Post # 3
What is your budget and how much will the church part cost? You could always have the ceremony and then just a drinks, canapes and cake reception somewhere nice. I’ve seen Catholic weddings before like that and they were lovely. Might also be worth talking to the church and explaining your financial situation. Often a lot of the charges are technically voluntary and can be waived if you are in real need.
Post # 1
My fiance and I are both paying for our wedding solely on our own and quickly finding that NOTHING about planning a wedding is affordable. I would be completely fine with a courtroom wedding if it weren’t for the fact that we are both Catholic and must get married within the Church. While this is quite important to the both of us, it greatly increases the cost right off the bat.
First, for some odd reason, there is church rent, gratuity, and other pricey things that are keeping us from even setting a date at the moment. Also, the church we would get married at is quite nice and naturally raises the bar from a casual backyard wedding to an elegant, formal church ceremony. I’m sure other brides have faced this issue before and I don’t know if I’m expecting advice, a miracle ,or simply words of encouragement from this. All I know is that I am dying to marry the man of my dreams and the fact that finances are impeding this process depresses me more and more each day!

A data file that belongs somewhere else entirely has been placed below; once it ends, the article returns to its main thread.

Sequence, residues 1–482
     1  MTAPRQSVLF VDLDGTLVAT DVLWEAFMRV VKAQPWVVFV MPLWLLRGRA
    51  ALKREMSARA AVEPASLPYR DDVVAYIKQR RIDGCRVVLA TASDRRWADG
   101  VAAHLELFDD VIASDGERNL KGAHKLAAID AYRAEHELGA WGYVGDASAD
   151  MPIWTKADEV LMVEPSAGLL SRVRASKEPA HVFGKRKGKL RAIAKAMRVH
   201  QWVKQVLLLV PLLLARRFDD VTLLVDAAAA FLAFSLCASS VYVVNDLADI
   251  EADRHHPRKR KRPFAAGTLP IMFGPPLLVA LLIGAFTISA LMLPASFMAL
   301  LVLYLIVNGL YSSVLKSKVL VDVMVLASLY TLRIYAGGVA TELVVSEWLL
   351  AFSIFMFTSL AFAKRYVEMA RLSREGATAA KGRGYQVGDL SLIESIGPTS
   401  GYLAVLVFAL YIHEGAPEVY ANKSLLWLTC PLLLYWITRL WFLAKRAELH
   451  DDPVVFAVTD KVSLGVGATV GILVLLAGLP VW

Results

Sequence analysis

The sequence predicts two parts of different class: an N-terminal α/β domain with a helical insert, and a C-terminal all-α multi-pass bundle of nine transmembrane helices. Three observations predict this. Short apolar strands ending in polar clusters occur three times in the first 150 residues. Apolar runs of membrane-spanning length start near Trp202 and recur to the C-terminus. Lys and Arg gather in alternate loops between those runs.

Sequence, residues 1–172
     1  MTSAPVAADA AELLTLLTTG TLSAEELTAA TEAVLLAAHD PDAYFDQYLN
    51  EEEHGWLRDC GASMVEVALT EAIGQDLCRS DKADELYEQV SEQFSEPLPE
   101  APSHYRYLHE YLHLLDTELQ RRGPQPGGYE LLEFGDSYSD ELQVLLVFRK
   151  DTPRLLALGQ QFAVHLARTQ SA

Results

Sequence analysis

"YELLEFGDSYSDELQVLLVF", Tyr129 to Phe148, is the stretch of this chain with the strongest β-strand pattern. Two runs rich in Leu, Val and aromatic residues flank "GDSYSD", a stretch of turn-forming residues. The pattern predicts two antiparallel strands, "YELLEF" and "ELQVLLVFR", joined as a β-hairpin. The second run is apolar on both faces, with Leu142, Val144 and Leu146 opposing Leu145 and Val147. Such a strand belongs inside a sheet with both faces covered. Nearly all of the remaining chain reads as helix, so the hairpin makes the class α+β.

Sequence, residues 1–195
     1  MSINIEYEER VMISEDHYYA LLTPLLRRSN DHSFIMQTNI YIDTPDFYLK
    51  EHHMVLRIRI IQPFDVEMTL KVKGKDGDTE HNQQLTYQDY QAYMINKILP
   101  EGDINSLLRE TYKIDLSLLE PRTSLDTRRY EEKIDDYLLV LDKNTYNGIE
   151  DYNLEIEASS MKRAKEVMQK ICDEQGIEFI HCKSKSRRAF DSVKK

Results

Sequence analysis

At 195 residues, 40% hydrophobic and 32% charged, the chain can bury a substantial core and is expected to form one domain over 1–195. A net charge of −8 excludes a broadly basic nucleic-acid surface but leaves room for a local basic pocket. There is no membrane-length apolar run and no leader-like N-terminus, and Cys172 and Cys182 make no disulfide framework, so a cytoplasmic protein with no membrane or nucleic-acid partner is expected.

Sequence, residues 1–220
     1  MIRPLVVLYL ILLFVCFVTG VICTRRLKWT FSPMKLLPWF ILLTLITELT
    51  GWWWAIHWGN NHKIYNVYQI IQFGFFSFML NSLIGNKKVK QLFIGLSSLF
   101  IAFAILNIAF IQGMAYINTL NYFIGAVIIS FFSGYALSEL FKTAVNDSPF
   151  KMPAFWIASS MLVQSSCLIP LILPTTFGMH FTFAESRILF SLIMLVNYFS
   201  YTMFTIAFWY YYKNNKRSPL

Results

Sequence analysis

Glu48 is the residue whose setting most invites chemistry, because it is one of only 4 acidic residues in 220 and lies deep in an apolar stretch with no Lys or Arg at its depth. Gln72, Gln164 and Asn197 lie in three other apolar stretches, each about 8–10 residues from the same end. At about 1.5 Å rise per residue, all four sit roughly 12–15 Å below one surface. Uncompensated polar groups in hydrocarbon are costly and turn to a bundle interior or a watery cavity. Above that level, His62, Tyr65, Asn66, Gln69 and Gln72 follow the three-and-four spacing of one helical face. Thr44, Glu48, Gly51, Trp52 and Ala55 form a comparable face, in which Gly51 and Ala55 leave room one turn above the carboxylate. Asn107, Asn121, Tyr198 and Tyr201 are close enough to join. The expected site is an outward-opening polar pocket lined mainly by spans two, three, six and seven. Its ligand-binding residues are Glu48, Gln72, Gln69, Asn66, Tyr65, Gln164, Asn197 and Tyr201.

Post # 2
Not sure I understand…. Is it that you can’t afford the cost of the ceremony, or that having a nice ceremony in church raises the bar leading to other costs for a reception?
Post # 4
To MsYankee: Sorry about being unclear! The cost of renting the church comes out to around $1000 after everything is said and done. So that is somewhat of an issue, but I would be able to understand it if our parish offered some sort of a hall where our reception could be held at a discount. Unfortunately, St. Ann’s of Coppell, TX offers no such room and now I have to also find a decently priced reception hall. I don’t mind having a rather casual reception, even with the formal ceremony, but it is quite difficult to swing our original $2500-$3000 budget when taking out 1/3 of it to pay for a simple reception area.
Penang1885: Thank you for the tips! Our budget, as stated in the above reply, is $2500-$3000. So, it wouldn’t be considered somewhat tacky to serve simply hors d’oeuvres after a church ceremony? I haven’t been to many weddings before and the ones I have attended always had a full dinner!
Post # 7